We can breathe easy now; the faculty senate voted to keep Spring Break.
Although their vote isn’t the final say, it’s a preliminary and important step, which allows us to step away from the overwhelming concern that we might lose a beloved tradition so we can more honestly examine what we’d get with the new calendar and why we’d get it.
It was about four years ago that the schedule became unsettled because of a student initiative to change the summer schedule of one four-week block and two six-week blocks. Since then, Weber State University has experimented with a couple different schedules to meet student wishes. The latest change was driven because of the quick and unpopular transition from the Christmas and New Year’s holidays to the start of school. This year, for example, school will start on Monday, Jan. 2.
Essentially, the faculty senate decided the timing and quantity of vacation are the two primary issues when deciding on a new calendar. They chose to start each semester a couple weeks later and, by adding a little time to each session, end them just a week later. On the whole, the changes are rather minuscule and will not have a significant impact on most students. However, the decision might be reflective of a troubling attitude governing some faculty preferences, an attitude shared by many students, which they might not begin with but acquire as the stresses of college weigh them down: The easiest path to a degree is the best path. Or, for faculty: The easiest way to graduating students while meeting accreditation standards is the best way.
Many of us probably start college with a more idealistic motivation: “The more I learn before walking for a diploma, the better.” It’s a view wherein the means is the end, where learning is the essential and valued part and the diploma is an important byproduct, important only because it verifies the essential: our ability to and love for acquiring knowledge. Faculty also likely start their careers with a similar motivation — to engender students with a love for learning.
However, the faculty’s recommended calendar is not reflective of a passion for helping students in the most essential ways. The calendar was chosen for ‘personal preference,’ as one faculty member indicated after faculty senate adjourned Thursday. It was chosen for convenience and ease. It was chosen for a few extra days off after the new year. Although they’ve written a catchy rationale for the recommended change, like more time for instructors to update syllabi and get grades in, it really comes down to more time for lounging after the new year. It was even listed first in a paper titled ‘Rationale for Tweaking WSU’s Tri-Semester Academic Calender.’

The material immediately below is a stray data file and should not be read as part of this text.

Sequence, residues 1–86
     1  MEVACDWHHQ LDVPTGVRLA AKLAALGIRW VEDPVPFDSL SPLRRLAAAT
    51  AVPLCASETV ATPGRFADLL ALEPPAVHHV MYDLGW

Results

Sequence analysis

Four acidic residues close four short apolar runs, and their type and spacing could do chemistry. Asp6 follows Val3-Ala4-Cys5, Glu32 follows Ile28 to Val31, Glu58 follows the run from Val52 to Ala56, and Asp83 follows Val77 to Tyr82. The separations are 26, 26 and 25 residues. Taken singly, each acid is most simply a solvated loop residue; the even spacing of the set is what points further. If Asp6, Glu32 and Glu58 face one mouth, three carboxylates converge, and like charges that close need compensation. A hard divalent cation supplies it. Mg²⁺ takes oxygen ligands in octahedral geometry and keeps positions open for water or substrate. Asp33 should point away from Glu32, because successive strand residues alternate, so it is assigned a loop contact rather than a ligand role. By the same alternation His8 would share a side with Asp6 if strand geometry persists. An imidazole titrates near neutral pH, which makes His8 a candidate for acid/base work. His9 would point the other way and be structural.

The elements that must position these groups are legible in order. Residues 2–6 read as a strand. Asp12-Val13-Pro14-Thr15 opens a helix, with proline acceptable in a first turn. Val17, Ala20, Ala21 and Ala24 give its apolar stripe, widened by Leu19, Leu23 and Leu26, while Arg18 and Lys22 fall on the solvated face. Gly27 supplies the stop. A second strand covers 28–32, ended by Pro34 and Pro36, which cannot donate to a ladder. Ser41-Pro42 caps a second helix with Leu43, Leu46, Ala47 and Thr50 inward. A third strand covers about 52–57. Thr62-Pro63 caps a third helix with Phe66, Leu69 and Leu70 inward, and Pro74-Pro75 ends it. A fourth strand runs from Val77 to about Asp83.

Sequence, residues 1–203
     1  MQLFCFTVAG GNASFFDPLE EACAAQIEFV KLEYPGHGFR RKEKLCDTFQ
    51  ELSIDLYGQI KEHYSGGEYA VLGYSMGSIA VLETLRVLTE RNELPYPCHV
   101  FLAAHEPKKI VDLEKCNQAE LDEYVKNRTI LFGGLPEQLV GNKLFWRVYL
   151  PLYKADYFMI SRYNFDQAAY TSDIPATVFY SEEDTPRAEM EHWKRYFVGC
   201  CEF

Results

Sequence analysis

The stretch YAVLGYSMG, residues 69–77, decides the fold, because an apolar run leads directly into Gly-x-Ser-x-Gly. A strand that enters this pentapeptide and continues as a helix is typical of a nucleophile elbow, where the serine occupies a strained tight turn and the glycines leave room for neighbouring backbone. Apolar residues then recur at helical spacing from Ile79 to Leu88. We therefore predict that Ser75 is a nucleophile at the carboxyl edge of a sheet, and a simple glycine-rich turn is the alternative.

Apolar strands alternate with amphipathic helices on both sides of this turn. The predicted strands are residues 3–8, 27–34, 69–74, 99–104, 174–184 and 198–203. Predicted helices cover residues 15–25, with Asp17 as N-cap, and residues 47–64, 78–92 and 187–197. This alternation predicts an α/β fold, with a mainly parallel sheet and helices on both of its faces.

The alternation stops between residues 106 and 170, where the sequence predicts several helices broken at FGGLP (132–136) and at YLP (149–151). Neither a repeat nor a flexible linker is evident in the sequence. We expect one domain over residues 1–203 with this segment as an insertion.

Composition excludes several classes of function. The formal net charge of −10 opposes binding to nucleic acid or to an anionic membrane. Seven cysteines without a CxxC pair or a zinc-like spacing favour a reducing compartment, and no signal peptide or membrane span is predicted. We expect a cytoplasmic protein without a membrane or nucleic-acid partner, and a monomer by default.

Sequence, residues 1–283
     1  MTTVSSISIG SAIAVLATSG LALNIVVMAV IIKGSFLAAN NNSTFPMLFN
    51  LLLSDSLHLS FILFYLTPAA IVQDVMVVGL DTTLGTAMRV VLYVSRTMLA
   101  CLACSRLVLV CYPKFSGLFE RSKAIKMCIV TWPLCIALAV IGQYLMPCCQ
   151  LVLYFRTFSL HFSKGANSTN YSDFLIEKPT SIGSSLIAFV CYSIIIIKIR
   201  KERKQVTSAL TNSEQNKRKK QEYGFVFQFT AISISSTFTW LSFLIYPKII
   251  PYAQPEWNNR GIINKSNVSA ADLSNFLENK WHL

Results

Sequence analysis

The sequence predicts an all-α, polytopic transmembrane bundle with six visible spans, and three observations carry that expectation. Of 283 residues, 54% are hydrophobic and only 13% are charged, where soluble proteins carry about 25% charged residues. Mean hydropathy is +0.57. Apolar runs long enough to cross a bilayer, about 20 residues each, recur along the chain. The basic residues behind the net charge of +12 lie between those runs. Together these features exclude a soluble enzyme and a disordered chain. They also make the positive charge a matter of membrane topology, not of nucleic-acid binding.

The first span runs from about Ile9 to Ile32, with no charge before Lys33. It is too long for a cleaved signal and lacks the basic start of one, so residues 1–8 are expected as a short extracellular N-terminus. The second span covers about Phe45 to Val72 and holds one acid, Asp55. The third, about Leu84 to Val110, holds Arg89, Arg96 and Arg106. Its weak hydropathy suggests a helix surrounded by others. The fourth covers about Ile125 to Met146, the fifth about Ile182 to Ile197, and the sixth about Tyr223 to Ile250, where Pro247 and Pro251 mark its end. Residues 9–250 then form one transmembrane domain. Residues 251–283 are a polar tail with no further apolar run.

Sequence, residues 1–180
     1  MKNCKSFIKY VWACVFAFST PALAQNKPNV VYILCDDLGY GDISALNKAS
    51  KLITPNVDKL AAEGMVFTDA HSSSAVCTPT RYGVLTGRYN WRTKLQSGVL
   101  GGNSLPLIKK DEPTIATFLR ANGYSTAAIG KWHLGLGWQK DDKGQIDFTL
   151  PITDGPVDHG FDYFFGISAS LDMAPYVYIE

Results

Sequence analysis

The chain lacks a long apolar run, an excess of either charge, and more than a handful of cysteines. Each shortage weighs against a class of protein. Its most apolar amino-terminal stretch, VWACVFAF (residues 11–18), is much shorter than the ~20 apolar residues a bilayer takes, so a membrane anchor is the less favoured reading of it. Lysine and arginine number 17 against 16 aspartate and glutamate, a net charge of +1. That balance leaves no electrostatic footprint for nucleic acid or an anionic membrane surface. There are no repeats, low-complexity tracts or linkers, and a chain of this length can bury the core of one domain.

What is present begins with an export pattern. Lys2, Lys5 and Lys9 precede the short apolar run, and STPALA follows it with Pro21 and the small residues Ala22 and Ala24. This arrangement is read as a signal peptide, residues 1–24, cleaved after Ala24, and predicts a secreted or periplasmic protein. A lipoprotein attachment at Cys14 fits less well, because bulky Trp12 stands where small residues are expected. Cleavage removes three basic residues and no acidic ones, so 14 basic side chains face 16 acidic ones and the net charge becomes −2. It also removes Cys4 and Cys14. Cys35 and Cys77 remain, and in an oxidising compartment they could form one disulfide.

In speaking with faculty after the vote for the new calendar, the professor who didn’t support the recommended calendar had conviction. He embraced his viewpoint unabashedly. Another professor who wasn’t quoted in The Signpost wouldn’t own up to his vote. He hid behind the idea of ‘Well, regardless of my personal feelings, my job is to support what the faculty wants, and a survey shows the faculty wants what I voted for.’ If he really thought his vote was right, wouldn’t there be a trace of conviction?
Perhaps the calendar will serve students as good as any calendar, but it does not appear that is why it was recommended. Consequently, the decision-making process was flawed. This is what’s troubling. Even if the calendar proves to be excellent, if faculty consistently make choices for personal preference and not to create an ideal institution of learning, eventually students will be on the losing end.
Frankly, calendars should be chosen because they create the rigor and challenge students will likely face in the professional world and because they provide the most opportunity for students to become masters of their respective studies. Time is critical to learning anything, and the new calendar, while increasing classroom time slightly, reduces the number of days a student has to prepare for a recital or a play, perform clinicals or study.
Although The Signpost appreciates and acknowledges the dedication and passion seemingly prevalent amongst faculty, this latest decision doesn’t seem to reflect the selling points of the university. It doesn’t seem to reflect the student-first brand WSU has built an institution of higher learning on. As administration reviews the calendar, we ask them to approach it with a different attitude, to be governed by a desire to deliver the best education possible to students and not by personal preference.